The S. pombe nth1 gene (SPAC30D11.07) was cloned on the basis of homology to E. coli nth [26]. Nth1 family proteins have a helix-hairpin-helix motif in the vicinity of the active lysine residue and an iron-sulfur cluster [4Fe-4S] at the C terminal. In addition, a eukaryote's enzyme has a nuclear localization signal. Indeed, fusion protein of S. pombe Nth1p with green fluorescent protein was predominantly localized in the nucleus [27]. Unlike budding yeast Ntg1p and the enzyme in mammals, S. pombe Nth1p was not observed in mitochondria.

A recombinant S. pombe Nth1p expressed in E. coli shows a broad substrate specificity. Mass spectrometry of released bases from oxidized DNA by treatment of Nth1p revealed that the enzyme efficiently excised five pyrimidine-derived lesions: 5-hydroxycytosine, Tg, 5-hydroxy-6-hydrothymine, 5, 6-dihydroxycytosine, and 5-hydroxyuracil [28]. S. pombe Nth1p could remove 5-formyluracil and 5-hydroxymethyluracil as efficiently as E. coli Nth [29]. Moreover, 8-oxoG in 8-oxoG : G and 8-oxoG : a mispair is also the substrate for S. pombe Nth1p. The expression of S. pombe Nth1p reduced hydrogen peroxide (H2O2) toxicity and the frequency of spontaneous mutations in the E. coli nth/nei double mutant [29]. Although the S. pombe nth1Δ is sensitive to MMS, Nth1p did not remove 3-meA and 7-meG [30]. However, methyl-formamidepyrimidine, a cytotoxic lesion generated from 7-meG by opening the imidazole ring, was excised efficiently by Nth1p. Nicking activity to oligonucleotides containing Tg and the AP site virtually disappeared in the extract from nth1Δ cells, indicating that these lesions are mainly incised by Nth1p in the yeast cell [27].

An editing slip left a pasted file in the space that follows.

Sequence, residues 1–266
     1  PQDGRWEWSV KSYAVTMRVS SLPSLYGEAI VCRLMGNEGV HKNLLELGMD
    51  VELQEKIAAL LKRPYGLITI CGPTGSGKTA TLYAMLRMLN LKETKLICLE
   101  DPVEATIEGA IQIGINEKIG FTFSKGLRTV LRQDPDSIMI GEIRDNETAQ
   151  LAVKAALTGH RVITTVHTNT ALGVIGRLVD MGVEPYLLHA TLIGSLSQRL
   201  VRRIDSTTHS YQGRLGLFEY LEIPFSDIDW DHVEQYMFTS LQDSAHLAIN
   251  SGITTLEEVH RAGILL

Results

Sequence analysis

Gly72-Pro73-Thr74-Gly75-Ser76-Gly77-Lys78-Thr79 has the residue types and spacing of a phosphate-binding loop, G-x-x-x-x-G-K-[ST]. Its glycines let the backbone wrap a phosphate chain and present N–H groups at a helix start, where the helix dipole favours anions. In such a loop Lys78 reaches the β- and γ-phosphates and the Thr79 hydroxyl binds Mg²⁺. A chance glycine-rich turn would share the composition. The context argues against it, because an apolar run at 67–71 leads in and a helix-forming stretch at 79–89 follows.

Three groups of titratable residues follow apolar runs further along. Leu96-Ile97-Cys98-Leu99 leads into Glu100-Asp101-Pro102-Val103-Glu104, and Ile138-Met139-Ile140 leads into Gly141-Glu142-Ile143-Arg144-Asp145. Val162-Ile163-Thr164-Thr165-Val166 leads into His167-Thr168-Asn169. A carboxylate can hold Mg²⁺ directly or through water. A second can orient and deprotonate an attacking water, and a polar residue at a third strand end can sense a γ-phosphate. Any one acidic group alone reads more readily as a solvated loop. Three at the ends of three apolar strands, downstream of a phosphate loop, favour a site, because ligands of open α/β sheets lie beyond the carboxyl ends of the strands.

An nth1Δ strain was tolerant to oxidative damage (H2O2 and menadione) and UV irradiation, but exhibited moderate sensitivity to MMS [27, 30, 31]. In addition, the mutant strain exhibited a more than 6-fold increase in the frequency of interchromosomal recombination [30]. Epistasis analysis of the nth1 gene versus rad2, rad16, and rhp55 showed that MMS damage could be repaired through NER and HR other than the BER pathway [30]. Although a mutant of the major AP endonuclease gene apn2 showed hypersensitivity to MMS, double mutation of nth1 and apn2 became tolerant to MMS [31]. This shows that Nth1p functions upstream of Apn2p in the same pathway; that is, the 3′-blocked end generated by Nth1p is converted to 3′ OH by phosphodiesterase activity of Apn2p (Figure 1). In S. pombe cells, Nth1p not only removes the oxidized base as DNA glycosylase, but also incises a large portion of the AP site generated by the action of Mag1p and Mag2p DNA glycosylases. Thus, Nth1p plays a central role during early steps of the BER pathway in the fission yeast [27].